Maltese society certainly makes for an interesting socio-anthropological study. Across vast swathes of the population one finds three potentially dividing lines – football, religion (il-patrun u l-festa tar-rahal) and politics.
Football demands and expects total loyalty. That’s the way it should be because football is nearly completely based on strong underlying strains of passion – in other words you do not change football team. There are a few exceptions but any change is normally half-hearted and dictated by specific circumstances.
Religion on the other hand is based in faith. Changing religion has become commonplace and accepted – ultimately most religions are similar and to some extent identical in their demands on our morals, conscience and beliefs in particular the monotheistic ones like Islam and Christianity so any change is not so demanding or extreme. However it would not occur to anyone to change the patron saint of the village they come from especially in those cases where the same village has one, two or more festi dedicated to different patron saints. Again here it is a matter of passion which is very similar to the passions which run amok in football.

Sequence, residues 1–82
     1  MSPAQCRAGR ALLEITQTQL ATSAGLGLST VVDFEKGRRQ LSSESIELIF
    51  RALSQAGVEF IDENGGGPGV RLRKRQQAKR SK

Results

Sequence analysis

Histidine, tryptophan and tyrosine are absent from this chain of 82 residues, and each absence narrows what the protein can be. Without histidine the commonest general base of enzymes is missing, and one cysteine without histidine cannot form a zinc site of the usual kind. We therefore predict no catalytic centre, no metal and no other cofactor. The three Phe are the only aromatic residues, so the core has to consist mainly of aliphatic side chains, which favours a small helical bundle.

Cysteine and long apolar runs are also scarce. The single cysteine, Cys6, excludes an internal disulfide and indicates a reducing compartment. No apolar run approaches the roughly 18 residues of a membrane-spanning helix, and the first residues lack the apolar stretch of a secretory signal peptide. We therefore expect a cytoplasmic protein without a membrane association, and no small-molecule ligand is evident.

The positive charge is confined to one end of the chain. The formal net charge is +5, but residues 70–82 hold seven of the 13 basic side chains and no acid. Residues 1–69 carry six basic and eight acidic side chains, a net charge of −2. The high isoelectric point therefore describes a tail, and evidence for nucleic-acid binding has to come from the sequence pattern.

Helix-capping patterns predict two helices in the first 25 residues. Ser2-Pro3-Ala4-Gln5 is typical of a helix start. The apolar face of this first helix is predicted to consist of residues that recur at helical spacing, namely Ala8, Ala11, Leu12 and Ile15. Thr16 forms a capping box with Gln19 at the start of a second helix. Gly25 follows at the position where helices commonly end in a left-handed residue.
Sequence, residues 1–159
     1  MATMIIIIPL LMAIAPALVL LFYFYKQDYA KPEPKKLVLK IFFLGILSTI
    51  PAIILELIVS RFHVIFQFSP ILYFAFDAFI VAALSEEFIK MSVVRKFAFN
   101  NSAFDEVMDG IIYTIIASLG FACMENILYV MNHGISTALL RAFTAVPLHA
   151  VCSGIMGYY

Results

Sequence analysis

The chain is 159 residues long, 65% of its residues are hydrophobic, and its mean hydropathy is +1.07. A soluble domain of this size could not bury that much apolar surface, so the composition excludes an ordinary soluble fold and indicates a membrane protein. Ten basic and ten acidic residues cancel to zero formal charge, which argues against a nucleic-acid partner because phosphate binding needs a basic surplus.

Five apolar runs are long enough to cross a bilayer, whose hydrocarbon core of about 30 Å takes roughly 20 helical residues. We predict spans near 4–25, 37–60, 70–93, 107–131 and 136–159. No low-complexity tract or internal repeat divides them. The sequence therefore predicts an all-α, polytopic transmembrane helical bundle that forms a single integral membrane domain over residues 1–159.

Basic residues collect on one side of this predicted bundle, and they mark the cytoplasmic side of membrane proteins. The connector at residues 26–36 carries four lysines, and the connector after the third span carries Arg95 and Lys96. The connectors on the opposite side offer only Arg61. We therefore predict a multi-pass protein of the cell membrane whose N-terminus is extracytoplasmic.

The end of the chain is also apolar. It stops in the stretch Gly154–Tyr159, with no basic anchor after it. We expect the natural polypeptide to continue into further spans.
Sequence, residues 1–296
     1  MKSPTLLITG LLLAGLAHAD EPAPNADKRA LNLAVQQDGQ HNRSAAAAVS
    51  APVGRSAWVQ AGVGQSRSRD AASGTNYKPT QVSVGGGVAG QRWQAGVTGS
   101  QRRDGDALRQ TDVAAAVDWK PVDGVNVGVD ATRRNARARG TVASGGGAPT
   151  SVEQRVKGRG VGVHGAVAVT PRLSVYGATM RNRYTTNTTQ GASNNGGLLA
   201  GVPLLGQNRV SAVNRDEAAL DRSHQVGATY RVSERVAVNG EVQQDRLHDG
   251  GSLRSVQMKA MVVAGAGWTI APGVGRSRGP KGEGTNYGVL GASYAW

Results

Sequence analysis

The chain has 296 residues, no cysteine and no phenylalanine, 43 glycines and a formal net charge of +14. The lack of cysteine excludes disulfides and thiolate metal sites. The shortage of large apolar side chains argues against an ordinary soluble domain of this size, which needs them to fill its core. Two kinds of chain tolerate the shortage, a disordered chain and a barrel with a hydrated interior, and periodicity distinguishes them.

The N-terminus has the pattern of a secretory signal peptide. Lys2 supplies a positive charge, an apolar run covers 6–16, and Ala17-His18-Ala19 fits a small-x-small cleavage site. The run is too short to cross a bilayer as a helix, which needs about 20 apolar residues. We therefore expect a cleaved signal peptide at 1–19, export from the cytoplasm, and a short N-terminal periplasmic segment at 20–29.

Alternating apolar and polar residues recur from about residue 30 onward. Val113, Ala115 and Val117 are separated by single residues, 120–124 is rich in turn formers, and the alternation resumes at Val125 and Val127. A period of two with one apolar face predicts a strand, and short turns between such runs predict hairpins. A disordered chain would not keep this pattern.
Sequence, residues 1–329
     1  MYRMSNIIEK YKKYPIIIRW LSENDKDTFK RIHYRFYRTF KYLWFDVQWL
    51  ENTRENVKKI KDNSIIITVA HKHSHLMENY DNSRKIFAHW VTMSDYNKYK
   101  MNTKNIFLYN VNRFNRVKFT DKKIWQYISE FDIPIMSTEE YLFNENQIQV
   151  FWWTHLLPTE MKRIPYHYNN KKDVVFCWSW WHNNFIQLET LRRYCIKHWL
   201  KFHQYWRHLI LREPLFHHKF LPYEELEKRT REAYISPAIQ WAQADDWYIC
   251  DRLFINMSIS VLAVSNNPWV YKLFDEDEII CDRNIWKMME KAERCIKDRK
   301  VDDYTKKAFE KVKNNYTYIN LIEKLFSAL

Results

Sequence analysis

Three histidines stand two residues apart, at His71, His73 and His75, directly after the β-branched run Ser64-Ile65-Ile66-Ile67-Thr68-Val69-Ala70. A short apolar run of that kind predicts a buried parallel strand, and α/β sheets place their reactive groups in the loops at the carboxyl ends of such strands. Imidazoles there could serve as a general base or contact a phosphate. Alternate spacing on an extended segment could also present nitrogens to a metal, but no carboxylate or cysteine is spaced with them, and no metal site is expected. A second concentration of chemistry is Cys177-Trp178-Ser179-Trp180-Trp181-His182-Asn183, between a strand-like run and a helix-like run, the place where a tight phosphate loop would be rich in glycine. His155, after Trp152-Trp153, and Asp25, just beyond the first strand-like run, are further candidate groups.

It is unfortunate that the same passions also run through our political belief. I use ‘belief’ with clear intent – it should be a political leaning or an opinion but for us Maltese it is truly belief. This is where we err. Politics should never ever be based on belief. As soon as our political opinions became beliefs we automatically elevated our politicians to the level of patrons and saints. We do not dare think that they could ever go wrong. We will go to great lengths to justify every slip up, even the most heinous of crimes by our politicians … if we are of the same ‘belief’. And God help them if we are not.
What we have not understood yet is that politics is embedded in discussion not belief, in making coherent arguments and implementing policies for the good of all; not in impassioned speeches on what makes a good laburist or a good nazzjonalist. The politicians of old from both sides put country before party – even those
most reviled did this when occasion demanded. Not any more. The struggle for power now dominates our political arena. This has been grossly fomented by an overly consumeristic and materialistic society. Malta has thrived over the last three decades in particular and this has shifted our politicians’ focus. We had some nice slogans in 2013 but they remained just words on billboards.
Time for change is ripe – we need to take politics back to its right place away from our hearts and passions, closer to our minds such that we can formulate impassioned policies and proceed to their timely and proper implementation.